Major League Baseball is in the midst of a juicing epidemic far different from the performance-enhancing drug usage in the 1990s, and this one is actually not a problem for the game at all.

The set of 10 MLB seasons spanning from 1993 to 2002 has long stood as a taint among baseball’s beautiful history, with the biggest stories involving the race for home run titles and records by the same few players who were fueled by performance-enhancing drugs in their quest to take down records, which had stood for more than a generation. These players who juiced consistently like Sammy Sosa, Mark McGwire and Barry Bonds are still causing intense debate today among the baseball writing community, as they are currently eligible for the National Baseball Hall of Fame.

While those debates have become stale, though, the baseball world can turn its attention to a less predictable juicing epidemic — one which makes less sense and is more difficult to analyze.

Over the course of each MLB season since 2015, the MLB has used a slightly different baseball than the season before, trying to perfect the art of ball design without any officially declared or predictable endgame to this science experiment. Home run numbers have also skyrocketed in the past few years, but not for the same reasons as the last juicing epidemic.

These past few years of baseball juicing, or the materials of the physical baseball being altered with the goal of the ball being more aerodynamic and flying further, have seen countless home run records fall, with others on pace to do the same by the end of the season. With another month still left in the season, the Minnesota Twins have already set the record for most home runs by a team in a season with 268 after hitting six home runs in a loss Saturday. This game edged the Twins past the record of 267 from last year’s Bronx Bombers, who are on pace to break their own record this year.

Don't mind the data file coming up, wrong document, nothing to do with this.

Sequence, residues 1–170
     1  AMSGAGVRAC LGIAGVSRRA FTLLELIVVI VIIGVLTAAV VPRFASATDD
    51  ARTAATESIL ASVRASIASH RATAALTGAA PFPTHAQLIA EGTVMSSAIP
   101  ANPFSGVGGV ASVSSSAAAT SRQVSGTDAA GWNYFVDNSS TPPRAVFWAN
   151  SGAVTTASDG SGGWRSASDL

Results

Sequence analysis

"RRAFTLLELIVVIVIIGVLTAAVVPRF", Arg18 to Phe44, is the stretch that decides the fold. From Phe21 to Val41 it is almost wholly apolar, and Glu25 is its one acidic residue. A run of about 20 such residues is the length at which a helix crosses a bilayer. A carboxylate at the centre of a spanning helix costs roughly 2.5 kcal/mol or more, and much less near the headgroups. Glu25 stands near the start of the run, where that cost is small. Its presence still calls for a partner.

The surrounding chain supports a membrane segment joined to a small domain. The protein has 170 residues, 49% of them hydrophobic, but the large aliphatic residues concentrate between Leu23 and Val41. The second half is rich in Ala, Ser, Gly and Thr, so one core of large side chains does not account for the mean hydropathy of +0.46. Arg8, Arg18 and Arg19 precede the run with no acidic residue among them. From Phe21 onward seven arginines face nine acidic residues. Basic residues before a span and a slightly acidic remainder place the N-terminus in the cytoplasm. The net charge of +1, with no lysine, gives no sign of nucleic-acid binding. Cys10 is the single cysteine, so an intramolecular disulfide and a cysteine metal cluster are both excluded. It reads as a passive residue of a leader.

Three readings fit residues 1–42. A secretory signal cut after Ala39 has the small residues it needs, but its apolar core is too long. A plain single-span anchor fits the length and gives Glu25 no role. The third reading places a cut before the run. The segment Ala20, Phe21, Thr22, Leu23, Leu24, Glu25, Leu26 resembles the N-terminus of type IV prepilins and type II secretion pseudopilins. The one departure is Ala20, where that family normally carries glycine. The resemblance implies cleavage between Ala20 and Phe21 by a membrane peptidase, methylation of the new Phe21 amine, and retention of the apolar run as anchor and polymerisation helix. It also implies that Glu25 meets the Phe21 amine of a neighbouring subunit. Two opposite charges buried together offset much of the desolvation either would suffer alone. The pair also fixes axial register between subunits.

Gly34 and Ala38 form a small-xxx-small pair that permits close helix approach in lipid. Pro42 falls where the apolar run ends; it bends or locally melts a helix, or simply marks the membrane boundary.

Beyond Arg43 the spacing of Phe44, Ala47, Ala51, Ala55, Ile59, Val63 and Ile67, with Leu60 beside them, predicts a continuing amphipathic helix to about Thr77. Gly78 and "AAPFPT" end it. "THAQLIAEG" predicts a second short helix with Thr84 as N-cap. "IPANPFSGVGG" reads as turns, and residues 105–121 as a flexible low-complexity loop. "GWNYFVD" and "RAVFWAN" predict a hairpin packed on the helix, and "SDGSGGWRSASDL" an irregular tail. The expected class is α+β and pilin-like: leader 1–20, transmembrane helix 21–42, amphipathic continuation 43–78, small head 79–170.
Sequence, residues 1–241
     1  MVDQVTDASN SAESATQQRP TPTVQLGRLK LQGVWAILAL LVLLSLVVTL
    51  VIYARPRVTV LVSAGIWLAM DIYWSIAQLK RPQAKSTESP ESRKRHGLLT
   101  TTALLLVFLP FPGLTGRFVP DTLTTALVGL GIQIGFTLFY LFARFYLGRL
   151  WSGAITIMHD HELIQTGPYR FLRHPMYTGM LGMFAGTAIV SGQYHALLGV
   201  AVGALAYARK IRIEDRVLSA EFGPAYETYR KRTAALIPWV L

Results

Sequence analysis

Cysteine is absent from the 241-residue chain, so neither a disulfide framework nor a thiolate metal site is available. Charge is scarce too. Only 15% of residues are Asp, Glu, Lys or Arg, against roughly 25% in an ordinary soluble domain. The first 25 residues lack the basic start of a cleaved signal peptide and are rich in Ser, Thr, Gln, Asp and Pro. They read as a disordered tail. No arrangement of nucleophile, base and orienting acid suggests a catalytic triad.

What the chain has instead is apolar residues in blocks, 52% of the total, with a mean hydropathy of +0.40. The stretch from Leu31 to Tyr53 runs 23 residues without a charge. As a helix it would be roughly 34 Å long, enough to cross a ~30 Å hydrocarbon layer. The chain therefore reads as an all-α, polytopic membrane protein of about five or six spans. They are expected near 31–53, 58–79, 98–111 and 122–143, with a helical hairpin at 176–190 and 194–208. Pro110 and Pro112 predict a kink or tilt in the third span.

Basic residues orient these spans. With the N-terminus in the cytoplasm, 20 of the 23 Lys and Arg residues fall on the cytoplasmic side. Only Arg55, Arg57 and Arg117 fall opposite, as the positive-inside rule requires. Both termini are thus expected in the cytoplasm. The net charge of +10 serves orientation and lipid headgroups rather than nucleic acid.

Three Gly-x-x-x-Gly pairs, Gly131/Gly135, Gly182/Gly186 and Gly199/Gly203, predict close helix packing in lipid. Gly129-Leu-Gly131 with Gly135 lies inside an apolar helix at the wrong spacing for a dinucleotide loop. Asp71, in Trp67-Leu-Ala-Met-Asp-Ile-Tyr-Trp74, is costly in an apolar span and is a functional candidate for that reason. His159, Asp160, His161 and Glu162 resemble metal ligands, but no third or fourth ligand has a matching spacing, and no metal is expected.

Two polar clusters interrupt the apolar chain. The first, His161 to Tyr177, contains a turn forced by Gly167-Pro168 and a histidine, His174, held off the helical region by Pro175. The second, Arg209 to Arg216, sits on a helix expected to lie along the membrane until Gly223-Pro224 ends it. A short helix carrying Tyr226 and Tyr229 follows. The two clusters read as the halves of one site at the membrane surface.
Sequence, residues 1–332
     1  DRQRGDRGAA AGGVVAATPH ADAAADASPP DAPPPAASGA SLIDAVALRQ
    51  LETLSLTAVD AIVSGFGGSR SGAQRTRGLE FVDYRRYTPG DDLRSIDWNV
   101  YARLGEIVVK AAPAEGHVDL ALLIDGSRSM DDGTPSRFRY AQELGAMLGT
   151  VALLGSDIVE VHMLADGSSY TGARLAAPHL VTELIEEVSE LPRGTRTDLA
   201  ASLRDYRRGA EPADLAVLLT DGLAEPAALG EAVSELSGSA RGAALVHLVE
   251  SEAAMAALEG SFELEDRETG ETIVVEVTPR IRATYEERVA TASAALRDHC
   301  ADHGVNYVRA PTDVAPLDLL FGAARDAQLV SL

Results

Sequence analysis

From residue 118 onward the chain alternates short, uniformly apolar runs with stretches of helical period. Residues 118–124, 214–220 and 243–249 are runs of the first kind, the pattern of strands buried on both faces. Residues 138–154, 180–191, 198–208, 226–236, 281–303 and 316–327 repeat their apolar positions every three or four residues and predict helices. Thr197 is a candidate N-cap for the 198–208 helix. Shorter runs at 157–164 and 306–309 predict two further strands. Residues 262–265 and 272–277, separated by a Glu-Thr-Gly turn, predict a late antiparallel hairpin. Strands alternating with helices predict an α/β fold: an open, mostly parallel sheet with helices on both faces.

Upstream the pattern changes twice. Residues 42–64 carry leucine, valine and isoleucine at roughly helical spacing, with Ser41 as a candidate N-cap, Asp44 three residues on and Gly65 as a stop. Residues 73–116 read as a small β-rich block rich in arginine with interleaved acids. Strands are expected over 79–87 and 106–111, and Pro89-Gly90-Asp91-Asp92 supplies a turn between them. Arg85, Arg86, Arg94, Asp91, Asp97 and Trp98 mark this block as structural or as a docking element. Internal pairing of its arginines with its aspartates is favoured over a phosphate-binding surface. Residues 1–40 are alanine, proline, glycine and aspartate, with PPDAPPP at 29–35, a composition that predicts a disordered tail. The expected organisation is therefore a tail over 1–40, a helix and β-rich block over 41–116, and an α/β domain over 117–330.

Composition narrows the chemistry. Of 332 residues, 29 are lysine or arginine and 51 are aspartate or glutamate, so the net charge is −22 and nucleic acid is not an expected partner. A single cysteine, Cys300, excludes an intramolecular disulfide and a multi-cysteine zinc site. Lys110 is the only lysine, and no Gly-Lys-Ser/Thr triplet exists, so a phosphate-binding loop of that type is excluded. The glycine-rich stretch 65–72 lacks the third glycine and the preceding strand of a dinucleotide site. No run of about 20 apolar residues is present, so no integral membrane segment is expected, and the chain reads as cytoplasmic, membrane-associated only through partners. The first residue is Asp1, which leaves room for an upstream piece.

While there is still about one month remaining in the season, a whopping 101 players have already crossed the 20 home run threshold. This total has risen significantly over the past 100 years, as in 1919 only three players crossed the 20 home run threshold — Babe Ruth, Gavvy Cravath and Frank “Wildfire” Schulte — which demonstrates just how widespread the MLB’s latest power surge has become.

The home run spike has hit the whole league, not just one team or player. So far this season 1.40 home runs have been hit per team per game, easily on pace to beat the 2017 record of 1.26 and the similar totals from 2016, 2018 and 2000, all of which featured either modified baseballs or performance-enhancing drugs. That last figure of 1.40 stands especially tall next to 2014, the last year before juiced balls, where teams sent 0.86 balls into the outfield bleachers or beyond.

This home run trend is actually enjoyable as a fan, knowing that nearly any player can hit a home run in a given at-bat. The gap of 8.1 percentage points from the shares of home runs by the most and least productive spots in the batting order is a far cry from the at least 13% it was from 1925 to 2007.

The MLB has altered the baseball itself to the point where home runs are being launched more frequently than ever by players of all calibers, leaving more power hitters on each team than before. Home runs are being hit more than ever, yet the single season home run records for an individual player are not receiving even the slightest threat from Christian Yelich, Pete Alonso, Mike Trout and the rest of this era’s sluggers.

The game is now seeing its most iconic outcomes from the at-bat, strike out and home run, at a higher rate than ever before. In a sport that has changed constantly for hundreds of years with the developments of relief pitching, designated hitters and defensive shifts, among others, this change is simply par for the course.

While other sports change with rules, baseball’s evolution has always been more subtle for more than a century, so we should let this happen and experience it until the game is no longer enjoyable to watch. Many fans are against the baseballs being juiced, with many of the game’s best pitchers being three outcome pitchers. This reality makes most at-bats home runs, which bring excitement, or walks and strikeouts, which are far less entertaining or interesting in the eyes of the casual fan.

The rise in home runs is fun for fans and most players, and there are few plays in the sport as beautiful or electrifying as a home run with an explosive bat flip to match, making this trend far from a problem.

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